We first saw this build introduced into time attack during Attack Tsukuba 2022 when Inose brought both this car and the S15 out to compete, but this was my first opportunity seeing the car in person.
The car, it seems, has been giving a second life – this time for Toru’s son, Taichi, to enjoy.
Gone is the S15 front end, replaced by the period correct Kouki S14 front end and Car Modify Wonder Glare front bumper, modified to house the new front splitter. Glare GT 50mm wide front fenders allow ample space for the larger tires.
Glare 50mm GT wide rear fenders trace the look back from the front end giving some much needed continuity to the now reformed car. We would have loved to see the car with the Glare skirts as well, but surprisingly enough, the car looks quite proper without them.
On the rear side windows, you’ll notice an array of JDDA event stickers; one of the tip-offs that this car is the same. The rear window has vent holes in the exact same spots, and on the inside, the cage matches that of the old drag build as well.
The car has been given the Friends paint treatment that includes a silver grey coat on the interior and chassis parts of the car. The exterior is covered in their signature bright red color.
Underneath, you can see the lengths that have been taken to reduce the S-chassis weight, including cutting out all the unnecessary body work up to the rear subframe. The titanium exhaust is routed directly underneath the differential.
These photos were taken over the span of 3 or 4 events in January and February, and each time Inose had been fine tuning the car with each session driven. It’s definitely a work in progress being among the newer builds introduced by Friends.
Taichi Inose, was driving the S14 mostly throughout each event, with Toru getting behind the wheel a few times as well.
Nice carbon treatment over the OE bezel, which has been replaced by a Motec C125 dash manager.
Another tip off that led me to believe this was the same car was the treatment inside of the wheel wells. I was able to match the stitch welds in the wells, as well as the engine bay strut towers.
While the rear brakes remain factory, the front have been upgraded with a set of Endless calipers and two-piece rotors.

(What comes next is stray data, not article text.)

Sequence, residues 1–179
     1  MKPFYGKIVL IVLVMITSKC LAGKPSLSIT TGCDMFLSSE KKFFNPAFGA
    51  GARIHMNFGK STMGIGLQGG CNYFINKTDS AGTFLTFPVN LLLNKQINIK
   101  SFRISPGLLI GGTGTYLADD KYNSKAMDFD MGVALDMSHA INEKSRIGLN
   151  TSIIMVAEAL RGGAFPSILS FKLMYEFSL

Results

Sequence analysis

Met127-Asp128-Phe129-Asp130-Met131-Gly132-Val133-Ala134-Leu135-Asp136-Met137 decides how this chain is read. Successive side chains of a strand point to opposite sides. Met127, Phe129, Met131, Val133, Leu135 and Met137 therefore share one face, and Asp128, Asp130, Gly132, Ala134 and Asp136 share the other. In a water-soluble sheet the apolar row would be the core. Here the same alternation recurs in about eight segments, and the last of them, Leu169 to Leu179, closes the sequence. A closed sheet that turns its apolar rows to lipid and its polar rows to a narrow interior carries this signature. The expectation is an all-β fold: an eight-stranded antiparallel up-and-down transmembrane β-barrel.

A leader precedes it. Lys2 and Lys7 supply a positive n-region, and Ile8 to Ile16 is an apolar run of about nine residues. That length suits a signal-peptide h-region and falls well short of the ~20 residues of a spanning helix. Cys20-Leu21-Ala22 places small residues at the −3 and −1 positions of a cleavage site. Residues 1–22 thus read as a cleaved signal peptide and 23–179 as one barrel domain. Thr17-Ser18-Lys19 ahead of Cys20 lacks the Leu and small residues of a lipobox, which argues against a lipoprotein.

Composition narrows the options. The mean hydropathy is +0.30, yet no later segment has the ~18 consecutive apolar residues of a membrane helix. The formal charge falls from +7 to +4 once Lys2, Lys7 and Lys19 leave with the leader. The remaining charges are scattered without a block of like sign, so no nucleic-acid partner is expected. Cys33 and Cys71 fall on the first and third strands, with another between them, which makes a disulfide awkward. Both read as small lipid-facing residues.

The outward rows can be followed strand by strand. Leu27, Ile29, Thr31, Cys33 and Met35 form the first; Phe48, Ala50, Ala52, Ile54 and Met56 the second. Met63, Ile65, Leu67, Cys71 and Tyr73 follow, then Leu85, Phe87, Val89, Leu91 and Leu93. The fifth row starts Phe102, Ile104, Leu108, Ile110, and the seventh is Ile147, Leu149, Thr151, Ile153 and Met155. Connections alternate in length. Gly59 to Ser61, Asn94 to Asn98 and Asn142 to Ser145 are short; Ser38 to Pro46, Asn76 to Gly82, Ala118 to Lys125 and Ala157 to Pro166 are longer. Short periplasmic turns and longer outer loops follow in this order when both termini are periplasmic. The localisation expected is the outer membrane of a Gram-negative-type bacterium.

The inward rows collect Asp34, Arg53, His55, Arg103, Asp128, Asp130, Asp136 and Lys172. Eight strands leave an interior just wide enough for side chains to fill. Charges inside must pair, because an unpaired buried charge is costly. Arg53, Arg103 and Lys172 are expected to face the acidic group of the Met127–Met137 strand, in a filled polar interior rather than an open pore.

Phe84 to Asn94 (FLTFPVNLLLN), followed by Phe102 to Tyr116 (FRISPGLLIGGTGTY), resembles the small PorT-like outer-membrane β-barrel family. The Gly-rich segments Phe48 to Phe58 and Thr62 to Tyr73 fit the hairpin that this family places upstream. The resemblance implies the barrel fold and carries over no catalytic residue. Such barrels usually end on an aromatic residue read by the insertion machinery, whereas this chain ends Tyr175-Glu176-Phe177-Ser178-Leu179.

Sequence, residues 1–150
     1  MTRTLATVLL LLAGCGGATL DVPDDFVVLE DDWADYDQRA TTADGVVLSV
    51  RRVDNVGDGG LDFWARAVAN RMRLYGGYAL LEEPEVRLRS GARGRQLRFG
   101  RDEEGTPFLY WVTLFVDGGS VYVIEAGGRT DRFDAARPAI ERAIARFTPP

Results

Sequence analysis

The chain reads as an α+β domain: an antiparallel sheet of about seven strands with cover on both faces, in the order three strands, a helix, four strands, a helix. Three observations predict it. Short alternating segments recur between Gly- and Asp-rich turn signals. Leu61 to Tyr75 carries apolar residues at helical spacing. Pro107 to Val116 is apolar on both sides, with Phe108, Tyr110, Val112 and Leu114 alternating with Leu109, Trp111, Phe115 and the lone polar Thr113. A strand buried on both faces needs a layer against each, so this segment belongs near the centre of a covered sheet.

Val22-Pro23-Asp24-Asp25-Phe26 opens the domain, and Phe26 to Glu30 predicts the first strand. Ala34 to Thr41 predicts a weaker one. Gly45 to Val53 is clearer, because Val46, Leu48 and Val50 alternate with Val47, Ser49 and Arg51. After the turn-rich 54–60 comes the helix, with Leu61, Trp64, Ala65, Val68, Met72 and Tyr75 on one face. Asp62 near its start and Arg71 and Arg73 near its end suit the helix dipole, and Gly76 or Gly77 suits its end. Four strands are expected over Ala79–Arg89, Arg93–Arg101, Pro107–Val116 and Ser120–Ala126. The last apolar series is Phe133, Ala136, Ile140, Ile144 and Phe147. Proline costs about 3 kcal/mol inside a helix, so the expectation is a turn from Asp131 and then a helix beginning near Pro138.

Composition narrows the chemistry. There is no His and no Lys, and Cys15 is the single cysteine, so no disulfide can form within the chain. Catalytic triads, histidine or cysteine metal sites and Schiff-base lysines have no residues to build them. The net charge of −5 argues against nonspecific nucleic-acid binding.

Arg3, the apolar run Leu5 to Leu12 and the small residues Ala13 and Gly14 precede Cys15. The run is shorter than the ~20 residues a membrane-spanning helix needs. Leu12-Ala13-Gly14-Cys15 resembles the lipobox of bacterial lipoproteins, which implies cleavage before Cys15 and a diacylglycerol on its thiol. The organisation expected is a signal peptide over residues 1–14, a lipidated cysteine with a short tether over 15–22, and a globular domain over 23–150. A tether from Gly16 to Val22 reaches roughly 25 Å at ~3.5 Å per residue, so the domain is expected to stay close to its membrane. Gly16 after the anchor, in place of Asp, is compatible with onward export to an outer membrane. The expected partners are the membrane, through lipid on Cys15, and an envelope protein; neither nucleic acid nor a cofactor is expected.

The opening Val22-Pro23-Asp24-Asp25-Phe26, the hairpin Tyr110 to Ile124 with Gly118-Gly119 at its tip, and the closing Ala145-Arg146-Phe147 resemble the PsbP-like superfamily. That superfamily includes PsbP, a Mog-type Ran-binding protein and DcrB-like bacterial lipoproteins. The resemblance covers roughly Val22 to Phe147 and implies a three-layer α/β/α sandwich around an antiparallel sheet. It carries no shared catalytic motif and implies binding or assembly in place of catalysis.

The engine is no longer the 1000hp unit that propelled the S14.5 down the drag strip. Previously the SR22 had a T88-38GK turbo fitted on the top side of the manifold. Now, the turbo resides underneath, with direct air coming from a filter that is mounted towards the front of the bumper.
The car also no longer utilizes nitrous, and makes a very modest 400hp, which leads me to believe the SR22 has been retired or repurposed elsewhere. I’ll continue to look for information on the new engine and suspension setup, and will update accordingly if anything notable arises.
The S14 sports a variety of different wheel setups. The most fitting of which are the 1-piece forged BBS RI-A in both Diamond Silver and Matte Grey, which I believe are sometimes borrowed from Inose’s S15. Every so often the car will be on these white Advan GTs, typically wrapped in 295 series Advan A050 tires.
This year the wing stands have changed from a solid aluminum, silver in color, to the now painted black ones with holes in them.
On track, the car looks like a work in progress. I witnessed several lock ups headed into the first hairpin, and what looked like significant under steer on other turns, although some of this could be the newer driver learning the ins and outs of the car. How fun it must be to have the opportunity to build and tune such a great looking car.
Taichi was able to grab several laps in the 59 and 58 second range over the events, even a 57.953 at Attack in the U29 class, but wasn’t quite able to beat the best of 57.849 from 2022.
The story of an old car, reborn to be enjoyed by a son of the owner of a tuning shop is almost too good to be true, but just about on par with things we see come out of Japan. It’s one of those things that make racing so special.
Really looking forward to seeing more of this car and it’s continued development in both build and Taichi as driver.
If anyone can source any more information about this car being the same one campaigned in zero-yon, please drop us a message!
Thanks for reading.